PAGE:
09 Feb 2014
As I watched Outamba’s family playing on the path, a large male approached, piloerect and stiff-armed. Females pant-grunting in submission, he moved right into the middle of the bunch and sat, looking fierce. Pairs of playful infants and juveniles went right on wrestling, seeming not to notice. They tumbled closer, falling over each other and into his legs when suddenly he snapped to life snatching an infant male, Tembo. Tembo let out a small squeak as he was ripped away from his play mate- but it was too late. The male already held Tembo’s exposed tummy against his open mouth- his fingers tangling around Tembo’s torso and arms and legs. As his mother looked on, Tembo struggled against those strong hands. Biting fingers and pulling hair. The male held firm, smushing his open mouth into Tembo’s belly but never fully biting down. Tembo gasped with little chimpanzee laughter as the male squirmed his fingers into all the best spots with just enough force, but never too much, for a solid ten minutes of tickle time.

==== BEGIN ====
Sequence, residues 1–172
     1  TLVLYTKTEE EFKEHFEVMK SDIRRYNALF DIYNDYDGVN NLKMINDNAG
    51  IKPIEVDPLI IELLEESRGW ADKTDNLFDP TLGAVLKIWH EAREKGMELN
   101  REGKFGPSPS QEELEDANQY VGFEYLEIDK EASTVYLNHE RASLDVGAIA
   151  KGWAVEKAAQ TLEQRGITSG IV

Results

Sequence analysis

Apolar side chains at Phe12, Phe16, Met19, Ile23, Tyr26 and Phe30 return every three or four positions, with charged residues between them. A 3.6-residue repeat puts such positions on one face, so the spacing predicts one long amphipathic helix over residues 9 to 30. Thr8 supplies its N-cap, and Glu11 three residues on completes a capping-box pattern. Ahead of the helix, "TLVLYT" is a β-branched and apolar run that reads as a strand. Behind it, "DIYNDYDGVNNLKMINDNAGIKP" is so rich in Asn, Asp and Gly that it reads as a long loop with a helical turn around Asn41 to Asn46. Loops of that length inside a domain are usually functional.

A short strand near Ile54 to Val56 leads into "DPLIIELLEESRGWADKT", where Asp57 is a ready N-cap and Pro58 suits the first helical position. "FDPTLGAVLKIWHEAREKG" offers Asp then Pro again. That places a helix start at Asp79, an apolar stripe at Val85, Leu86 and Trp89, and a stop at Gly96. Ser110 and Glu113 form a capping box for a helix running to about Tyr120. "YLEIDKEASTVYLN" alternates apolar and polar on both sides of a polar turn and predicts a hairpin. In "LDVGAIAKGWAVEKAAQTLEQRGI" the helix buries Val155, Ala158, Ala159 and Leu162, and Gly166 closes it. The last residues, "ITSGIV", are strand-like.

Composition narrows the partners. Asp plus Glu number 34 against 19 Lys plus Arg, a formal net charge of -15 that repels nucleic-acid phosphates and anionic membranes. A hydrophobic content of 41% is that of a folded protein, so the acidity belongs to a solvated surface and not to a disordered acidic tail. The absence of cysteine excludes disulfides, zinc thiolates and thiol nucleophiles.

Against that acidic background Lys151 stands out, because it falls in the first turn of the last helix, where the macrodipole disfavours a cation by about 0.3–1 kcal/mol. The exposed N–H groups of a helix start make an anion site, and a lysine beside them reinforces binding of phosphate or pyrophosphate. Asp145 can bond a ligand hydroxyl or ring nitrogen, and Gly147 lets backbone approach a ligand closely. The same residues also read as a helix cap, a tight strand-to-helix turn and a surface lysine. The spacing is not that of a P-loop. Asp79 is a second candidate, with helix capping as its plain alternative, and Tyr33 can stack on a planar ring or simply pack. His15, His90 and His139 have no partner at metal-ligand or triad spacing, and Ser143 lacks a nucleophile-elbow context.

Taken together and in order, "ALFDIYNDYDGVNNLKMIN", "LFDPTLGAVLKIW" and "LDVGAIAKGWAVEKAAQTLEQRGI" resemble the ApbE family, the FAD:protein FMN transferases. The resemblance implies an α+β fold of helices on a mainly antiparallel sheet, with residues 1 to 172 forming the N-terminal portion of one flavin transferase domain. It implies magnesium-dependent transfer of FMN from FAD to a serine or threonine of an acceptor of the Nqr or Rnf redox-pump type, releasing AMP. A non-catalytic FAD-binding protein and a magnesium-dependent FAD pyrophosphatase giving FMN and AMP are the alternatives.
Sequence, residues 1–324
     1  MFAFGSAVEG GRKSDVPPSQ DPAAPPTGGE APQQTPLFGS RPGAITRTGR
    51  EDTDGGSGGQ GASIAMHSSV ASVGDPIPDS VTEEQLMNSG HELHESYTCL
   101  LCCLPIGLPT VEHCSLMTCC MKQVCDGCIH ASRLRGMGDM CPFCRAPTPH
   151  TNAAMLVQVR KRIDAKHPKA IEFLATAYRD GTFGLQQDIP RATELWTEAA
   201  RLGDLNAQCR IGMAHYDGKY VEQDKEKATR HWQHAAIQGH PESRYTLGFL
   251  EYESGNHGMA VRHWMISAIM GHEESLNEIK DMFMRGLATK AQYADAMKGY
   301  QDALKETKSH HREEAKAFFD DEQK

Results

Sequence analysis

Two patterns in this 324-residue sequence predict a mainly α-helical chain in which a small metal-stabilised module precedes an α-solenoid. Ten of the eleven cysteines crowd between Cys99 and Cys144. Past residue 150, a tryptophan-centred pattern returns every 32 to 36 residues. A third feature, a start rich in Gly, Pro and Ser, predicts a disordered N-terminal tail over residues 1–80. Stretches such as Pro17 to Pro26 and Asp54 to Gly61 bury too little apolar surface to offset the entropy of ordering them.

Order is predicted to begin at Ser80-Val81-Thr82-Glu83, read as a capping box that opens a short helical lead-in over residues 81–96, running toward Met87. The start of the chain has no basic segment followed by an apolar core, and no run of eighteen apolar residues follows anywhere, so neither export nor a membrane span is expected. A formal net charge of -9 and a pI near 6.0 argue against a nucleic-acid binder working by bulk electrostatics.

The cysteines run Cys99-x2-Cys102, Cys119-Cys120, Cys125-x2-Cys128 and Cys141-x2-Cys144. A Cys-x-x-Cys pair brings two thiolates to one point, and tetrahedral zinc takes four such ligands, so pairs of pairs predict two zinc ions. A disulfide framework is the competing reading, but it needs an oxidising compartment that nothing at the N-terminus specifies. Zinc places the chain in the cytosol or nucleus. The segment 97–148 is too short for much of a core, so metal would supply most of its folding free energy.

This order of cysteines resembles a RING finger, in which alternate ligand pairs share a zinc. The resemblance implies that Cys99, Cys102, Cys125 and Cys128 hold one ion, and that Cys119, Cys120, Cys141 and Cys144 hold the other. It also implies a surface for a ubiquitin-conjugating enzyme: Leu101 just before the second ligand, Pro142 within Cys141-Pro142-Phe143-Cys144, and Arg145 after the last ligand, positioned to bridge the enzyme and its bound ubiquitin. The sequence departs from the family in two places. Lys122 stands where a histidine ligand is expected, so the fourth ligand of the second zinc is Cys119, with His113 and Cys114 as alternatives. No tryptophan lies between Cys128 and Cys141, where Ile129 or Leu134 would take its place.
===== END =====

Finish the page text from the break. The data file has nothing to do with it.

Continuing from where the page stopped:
Moments like that one are my favorite. I am consistently amazed that male chimpanzees can be so fearsome and brutish in one moment, and so tender and gentle in the next. The same male that showed such careful restraint playing with Tembo was chasing and attacking a subadult female with pounding fists merely moments before. The way they crash through the undergrowth demolishing trees and unleash seemingly unbridled muscle power and yet- sigh. I love that I get to study the other side of that coin.
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This blog is a forum share my personal experiences as a field researcher and traveler.